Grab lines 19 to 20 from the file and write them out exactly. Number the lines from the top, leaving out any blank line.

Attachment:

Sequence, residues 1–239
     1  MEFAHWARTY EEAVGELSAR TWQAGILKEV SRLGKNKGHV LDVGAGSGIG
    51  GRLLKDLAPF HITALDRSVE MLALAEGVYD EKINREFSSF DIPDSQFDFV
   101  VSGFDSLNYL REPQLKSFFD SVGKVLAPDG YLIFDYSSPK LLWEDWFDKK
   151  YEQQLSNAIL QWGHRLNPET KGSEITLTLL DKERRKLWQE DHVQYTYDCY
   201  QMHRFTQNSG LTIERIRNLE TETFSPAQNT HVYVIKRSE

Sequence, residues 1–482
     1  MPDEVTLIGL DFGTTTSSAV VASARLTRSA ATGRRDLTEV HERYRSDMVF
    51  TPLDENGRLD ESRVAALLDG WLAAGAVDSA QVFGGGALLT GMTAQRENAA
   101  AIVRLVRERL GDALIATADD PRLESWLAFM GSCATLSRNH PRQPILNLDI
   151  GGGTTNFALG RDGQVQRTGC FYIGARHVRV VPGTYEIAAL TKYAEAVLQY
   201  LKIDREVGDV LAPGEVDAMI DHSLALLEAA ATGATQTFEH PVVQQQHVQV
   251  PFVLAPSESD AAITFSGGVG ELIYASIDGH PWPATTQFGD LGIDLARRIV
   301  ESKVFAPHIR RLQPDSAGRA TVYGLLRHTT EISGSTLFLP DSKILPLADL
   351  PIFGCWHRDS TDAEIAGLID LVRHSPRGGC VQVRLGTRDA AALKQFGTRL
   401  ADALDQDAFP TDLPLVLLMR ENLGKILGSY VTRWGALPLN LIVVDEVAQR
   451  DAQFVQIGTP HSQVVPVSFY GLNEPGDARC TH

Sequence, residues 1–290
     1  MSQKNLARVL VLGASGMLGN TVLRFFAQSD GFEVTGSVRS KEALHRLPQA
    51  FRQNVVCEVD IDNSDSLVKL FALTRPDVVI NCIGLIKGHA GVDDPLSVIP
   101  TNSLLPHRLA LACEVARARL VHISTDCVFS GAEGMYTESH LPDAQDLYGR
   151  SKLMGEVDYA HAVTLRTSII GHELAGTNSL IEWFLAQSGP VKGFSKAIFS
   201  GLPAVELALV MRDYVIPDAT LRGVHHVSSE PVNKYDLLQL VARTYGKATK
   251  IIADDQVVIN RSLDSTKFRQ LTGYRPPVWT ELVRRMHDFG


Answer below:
     1  MSQKNLARVL VLGASGMLGN TVLRFFAQSD GFEVTGSVRS KEALHRLPQA
    51  FRQNVVCEVD IDNSDSLVKL FALTRPDVVI NCIGLIKGHA GVDDPLSVIP